The lag in applying selective breeding to other fish species was mainly a result of them having more complicated breeding and early life-cycles that did not lend themselves to the approach used in salmon. However, in the last ten years the rapid development of new and ever more powerful and cost-effective genetic fingerprinting and DNA sequencing techniques has enabled pedigree assignment in many new marine species with complicated larval development, when combined with individual fish ( RFID) tagging systems, has enabled bespoke broodstock management and genetic improvement to be adopted in a wide range of other new and less tractable fish and shellfish species. The rate of technological change in genetics and genomics means that we can now look at many individuals in great detail and identify those with the greatest possible breeding value for a number of commercially important traits. At this stage in the development of the industry growth performance and disease resistance are high priorities but in the future traits related to yield, flesh quality and improved food conversion and retention of nutrients will become important. These are much more difficult and expensive traits to identify and select for because many require the animal to be killed before they can be assessed.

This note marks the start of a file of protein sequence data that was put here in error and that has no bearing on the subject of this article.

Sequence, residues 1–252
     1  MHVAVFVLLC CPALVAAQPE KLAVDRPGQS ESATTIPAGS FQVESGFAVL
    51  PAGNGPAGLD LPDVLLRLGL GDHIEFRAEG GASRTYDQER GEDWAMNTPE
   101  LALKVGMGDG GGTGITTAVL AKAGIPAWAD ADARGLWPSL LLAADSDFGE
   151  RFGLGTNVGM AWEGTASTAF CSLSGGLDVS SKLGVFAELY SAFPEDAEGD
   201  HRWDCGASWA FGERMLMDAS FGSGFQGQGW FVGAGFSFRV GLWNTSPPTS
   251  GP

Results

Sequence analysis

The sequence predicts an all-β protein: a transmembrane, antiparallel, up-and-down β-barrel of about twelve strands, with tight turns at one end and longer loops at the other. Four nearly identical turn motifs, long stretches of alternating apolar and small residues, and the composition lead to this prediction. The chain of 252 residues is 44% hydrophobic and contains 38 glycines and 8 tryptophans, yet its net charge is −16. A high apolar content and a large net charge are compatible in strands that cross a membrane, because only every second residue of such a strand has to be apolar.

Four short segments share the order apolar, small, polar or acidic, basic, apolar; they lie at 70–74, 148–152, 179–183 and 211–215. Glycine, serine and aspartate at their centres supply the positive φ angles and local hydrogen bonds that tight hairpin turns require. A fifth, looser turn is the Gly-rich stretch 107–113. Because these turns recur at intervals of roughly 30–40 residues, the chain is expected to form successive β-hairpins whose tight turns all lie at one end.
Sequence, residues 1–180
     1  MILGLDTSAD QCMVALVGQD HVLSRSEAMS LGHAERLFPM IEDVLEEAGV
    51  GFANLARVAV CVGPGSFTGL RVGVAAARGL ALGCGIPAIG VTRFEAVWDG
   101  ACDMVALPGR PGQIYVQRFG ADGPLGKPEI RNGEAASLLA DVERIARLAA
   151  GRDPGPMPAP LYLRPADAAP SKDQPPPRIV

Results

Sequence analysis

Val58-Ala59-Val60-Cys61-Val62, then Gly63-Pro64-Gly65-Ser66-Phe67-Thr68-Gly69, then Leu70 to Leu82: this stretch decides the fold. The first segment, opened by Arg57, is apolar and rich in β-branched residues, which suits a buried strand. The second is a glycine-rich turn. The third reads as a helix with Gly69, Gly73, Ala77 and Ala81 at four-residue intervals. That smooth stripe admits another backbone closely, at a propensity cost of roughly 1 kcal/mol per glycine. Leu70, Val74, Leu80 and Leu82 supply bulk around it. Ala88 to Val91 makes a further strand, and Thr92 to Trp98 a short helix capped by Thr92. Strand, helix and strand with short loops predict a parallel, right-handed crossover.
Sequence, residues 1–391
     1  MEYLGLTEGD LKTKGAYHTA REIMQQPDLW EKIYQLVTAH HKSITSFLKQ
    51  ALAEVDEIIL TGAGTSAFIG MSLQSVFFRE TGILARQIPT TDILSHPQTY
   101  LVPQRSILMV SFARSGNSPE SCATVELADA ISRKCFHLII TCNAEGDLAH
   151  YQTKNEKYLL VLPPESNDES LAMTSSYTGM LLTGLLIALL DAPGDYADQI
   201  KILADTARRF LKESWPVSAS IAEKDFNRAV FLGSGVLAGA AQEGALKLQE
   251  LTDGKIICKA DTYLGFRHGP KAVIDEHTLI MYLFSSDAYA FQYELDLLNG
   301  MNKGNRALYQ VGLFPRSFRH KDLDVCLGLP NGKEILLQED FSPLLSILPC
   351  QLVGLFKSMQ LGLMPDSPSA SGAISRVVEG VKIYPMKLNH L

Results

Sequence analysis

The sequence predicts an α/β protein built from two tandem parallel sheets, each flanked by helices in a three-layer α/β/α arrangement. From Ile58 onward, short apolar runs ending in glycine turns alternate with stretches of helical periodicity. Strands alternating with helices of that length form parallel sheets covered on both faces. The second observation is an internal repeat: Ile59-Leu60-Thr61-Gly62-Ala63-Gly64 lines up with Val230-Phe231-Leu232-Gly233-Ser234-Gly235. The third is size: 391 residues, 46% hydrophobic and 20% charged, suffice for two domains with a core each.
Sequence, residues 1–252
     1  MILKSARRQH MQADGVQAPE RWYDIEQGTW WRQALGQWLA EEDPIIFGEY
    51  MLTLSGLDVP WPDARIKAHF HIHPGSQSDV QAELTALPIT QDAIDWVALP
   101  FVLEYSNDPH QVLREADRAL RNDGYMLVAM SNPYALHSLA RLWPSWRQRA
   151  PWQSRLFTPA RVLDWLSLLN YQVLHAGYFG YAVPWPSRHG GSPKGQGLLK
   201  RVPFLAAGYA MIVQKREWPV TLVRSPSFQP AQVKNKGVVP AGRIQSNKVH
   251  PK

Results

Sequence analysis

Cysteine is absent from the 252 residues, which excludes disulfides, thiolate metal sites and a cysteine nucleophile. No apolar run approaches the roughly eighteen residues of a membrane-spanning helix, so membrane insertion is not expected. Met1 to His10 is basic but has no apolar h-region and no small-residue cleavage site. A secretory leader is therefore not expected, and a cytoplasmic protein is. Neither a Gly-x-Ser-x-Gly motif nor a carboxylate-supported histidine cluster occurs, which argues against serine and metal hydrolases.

However, developments in functional genomics over the last decade enables us to describe how sequence information can be used to define the heritability and the functioning of genes associated with commercial traits. We now have access to draft genomes for Atlantic salmon and rainbow trout (became available during 2011), which has directly led to improved tools for identifying the genetic basis for performance differences between individuals in production traits. When genomics is undertaken in collaboration with pedigree breeding programmes accurate estimates of the performance differences between different genotypes for the genes that control an individual trait can be assessed. In subsequent generations selection can be based on the presence or absence of a given marker for the trait rather than having to kill or challenge fish to assess the trait as done at present. This has enabled a Marker Assisted Selection ( MAS) approach to be used for some traits ( IPN resistance, muscle yield), so speeding up the rate of improvement in these species. We still do not have full genome sequence or good high definition genetic maps for most farmed Scottish species, sequencing and mapping should be a priority activity as new Next Generation Sequencing technologies now makes this quick and cost effective so we can apply these methodologies across all species. New sequencing technologies have been the cornerstone to many of the new methods, but with such as vast amount of information being generated there is also a need to ensure maximal information can be retrieved. It is essential to develop the bioinformatics capacity - the computational analysis of sequence data and integrating this with phenotypic data - in parallel with the genetic improvement and genomics. We also need to develop new scanning technologies for non-destructive analysis of phenotypic parameters ( e.g. CT scanning for fillet and conformation) to speed up trait identification and selection.